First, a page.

My purpose, my whole life, had been to love him and be with him, to make him happy. I didn’t want to cause any unhappiness now—in that way, I decided it was probably better than he wasn’t here to see this, though I missed him so much at that moment the ache of it was as bad as the strange pains in my belly.
I have no idea how long Quisser was gone from the table. My attention became fully absorbed by the other faces in the club and the deep anxiety they betrayed to me, an anxiety that was not of the natural, existential sort but one that was caused by peculiar concerns of an uncanny nature. What a season is upon us, these faces seemed to say. And no doubt their voices would have spoken directly of certain peculiar concerns had they not been intimidated into weird equivocations and double entendres by the fear of falling victim to the same kind of unnatural affliction that had made so much trouble in the mind of the art critic Stuart Quisser. Who would be next? What could a person say these days, or even think, without feeling the dread of repercussion from powerfully connected groups and individuals? I could almost hear their voices asking, "Why here, why now?" But of course they could have just as easily been asking, "Why not here, why not now?" It would not occur to this crowd that there were no special rules involved; it would not occur to them, even though they were a crowd of imaginative artists, that the whole thing was simply a matter of random, purposeless terror that converged upon a particular place at a particular time for no particular reason. On the other hand, it would also not have occurred to them that they might have wished it all upon themselves, that they might have had a hand in bringing certain powerful forces and connections into our district simply by wishing them to come. They might have wished and wished for an unnatural evil to fall upon them but, for a while at least, nothing happened. Then the wishing stopped, the old wishes were forgotten yet at the same time gathered in strength, distilling themselves into a potent formula (who can say!), until one day the terrible season began. Because had they really told the truth, this artistic crowd might also have expressed what a sense of meaning (although of a negative sort), not to mention the vigorous thrill (although of an excruciating type), this season of unnatural evil had brought to their lives.("Gas Station Carnivals")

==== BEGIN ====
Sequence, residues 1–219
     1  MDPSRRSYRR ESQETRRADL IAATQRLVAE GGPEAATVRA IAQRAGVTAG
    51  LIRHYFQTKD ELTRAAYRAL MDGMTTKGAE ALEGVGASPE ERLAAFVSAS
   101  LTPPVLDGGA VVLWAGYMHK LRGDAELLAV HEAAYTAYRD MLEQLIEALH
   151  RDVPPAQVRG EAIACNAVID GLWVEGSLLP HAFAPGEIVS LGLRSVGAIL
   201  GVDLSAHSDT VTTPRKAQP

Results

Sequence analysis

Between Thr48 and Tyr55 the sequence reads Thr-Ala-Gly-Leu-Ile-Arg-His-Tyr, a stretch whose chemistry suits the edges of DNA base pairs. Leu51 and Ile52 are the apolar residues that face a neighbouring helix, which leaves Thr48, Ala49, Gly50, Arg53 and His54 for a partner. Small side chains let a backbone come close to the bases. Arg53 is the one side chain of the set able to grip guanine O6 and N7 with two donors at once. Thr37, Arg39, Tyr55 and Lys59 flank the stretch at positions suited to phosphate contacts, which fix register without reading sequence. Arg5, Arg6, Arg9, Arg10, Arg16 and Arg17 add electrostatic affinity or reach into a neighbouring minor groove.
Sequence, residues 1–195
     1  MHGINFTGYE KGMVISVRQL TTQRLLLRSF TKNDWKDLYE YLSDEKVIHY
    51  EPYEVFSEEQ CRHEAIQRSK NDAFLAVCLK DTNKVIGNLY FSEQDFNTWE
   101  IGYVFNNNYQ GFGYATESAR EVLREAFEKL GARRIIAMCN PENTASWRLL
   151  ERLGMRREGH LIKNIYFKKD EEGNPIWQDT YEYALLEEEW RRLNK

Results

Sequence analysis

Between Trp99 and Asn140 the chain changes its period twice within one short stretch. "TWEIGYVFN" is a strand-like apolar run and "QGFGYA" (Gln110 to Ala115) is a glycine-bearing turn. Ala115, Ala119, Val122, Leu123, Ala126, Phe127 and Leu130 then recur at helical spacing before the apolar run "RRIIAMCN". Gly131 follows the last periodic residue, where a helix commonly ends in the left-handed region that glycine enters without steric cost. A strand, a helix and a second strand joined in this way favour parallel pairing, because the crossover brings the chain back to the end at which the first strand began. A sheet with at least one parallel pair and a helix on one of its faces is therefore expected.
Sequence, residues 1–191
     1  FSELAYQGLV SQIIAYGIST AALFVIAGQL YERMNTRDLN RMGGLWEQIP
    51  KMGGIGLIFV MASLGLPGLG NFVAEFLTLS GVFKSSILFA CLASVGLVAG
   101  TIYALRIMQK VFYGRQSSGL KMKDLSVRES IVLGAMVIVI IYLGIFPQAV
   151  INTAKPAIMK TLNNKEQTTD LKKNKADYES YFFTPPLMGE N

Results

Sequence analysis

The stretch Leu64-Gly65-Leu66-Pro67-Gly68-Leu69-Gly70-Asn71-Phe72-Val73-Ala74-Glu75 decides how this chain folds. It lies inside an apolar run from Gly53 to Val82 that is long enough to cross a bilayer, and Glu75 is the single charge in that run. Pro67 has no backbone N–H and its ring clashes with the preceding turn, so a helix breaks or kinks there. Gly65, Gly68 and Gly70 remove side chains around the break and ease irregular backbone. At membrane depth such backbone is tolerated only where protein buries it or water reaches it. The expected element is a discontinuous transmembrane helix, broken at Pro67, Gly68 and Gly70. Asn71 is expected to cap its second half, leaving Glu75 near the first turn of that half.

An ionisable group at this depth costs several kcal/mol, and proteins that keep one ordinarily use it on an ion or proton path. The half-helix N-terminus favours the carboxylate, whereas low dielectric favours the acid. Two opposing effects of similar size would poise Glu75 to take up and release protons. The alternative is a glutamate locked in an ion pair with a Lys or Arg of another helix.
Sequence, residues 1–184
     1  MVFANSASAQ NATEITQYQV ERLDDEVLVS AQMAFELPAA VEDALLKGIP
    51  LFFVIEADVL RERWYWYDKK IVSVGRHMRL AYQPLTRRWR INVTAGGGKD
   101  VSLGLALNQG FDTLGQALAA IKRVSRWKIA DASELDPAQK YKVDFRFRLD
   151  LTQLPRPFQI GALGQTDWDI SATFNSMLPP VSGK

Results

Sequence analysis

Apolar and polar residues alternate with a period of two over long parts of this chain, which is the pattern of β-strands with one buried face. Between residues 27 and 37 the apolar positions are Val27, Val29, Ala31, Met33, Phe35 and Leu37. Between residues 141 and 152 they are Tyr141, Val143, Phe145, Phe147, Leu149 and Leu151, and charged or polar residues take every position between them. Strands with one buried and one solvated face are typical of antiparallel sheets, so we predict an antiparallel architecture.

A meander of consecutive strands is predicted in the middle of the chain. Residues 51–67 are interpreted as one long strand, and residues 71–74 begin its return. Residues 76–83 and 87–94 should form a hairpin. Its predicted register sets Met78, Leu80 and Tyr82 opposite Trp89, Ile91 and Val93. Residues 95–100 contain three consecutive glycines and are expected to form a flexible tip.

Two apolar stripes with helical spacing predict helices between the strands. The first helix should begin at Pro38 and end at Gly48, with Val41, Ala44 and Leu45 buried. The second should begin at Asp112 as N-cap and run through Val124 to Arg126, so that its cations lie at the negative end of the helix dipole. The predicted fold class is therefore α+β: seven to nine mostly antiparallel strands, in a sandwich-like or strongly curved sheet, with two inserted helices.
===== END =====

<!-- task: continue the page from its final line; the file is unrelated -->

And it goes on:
I began to recall my own experience when I was Mercutio’s age (late teens I decided, a year or two older than Romeo) as a pupil at a public school called Christ’s Hospital. This school is situated in the idyllic countryside of the Sussex Weald, just outside Horsham. I recalled the strange blend of raucousness and intellect amongst the cloisters, the fighting, the sport, and general sense of rebelliousness, of not wishing to seem conventional (this was the sixties); in the sixth form (we were called Grecians) the rarefied atmosphere, the assumption that of course we would go to Oxford or Cambridge; the adoption of an ascetic style, of Zen Buddhism, of baroque opera, the Velvet Underground, Frank Zappa, and Mahler; of Pound, Eliot and e. e. cummings. We perceived the world completely through art and culture. We were very young, very wise, and possessed of a kind of innocent cynicism. We wore yellow stockings, knee breeches, and an ankle length dark blue coat, with silver buttons. We had read Proust, we had read Evelyn Waugh, we knew what was what. There was a sense, fostered by us and by many teachers, that we were already up there with Lamb, Coleridge, and all the other great men who had been educated there. We certainly thought that we soared ‘above a common bound’. I suppose it is a process of constant mythologizing that is attempted at any public school. Tom Brown’s Schooldays is a good example. Girls were objects of both romantic and purely sexual, fantasy; beautiful, distant, mysterious, unobtainable, and, quite simply, not there. The real vessel for emotional exchange, whether sexually expressed or not, were our own intense friendships with each other. The process of my perceptions of Mercutio intermingling with my emotional memory continued intermittently, up to and including rehearsals. I am now aware that that possibly I re-constructed my memory somewhat, mythologised it even, excising what was irrelevant, emphasising what was useful, to accord with how I was beginning to see the part, and what I wanted to express with it. What I was seeing in Mercutio was his grief and pain at impending separation from Romeo, so I suppose I sensitised myself to that period of my life when male bonding was at its strongest for me.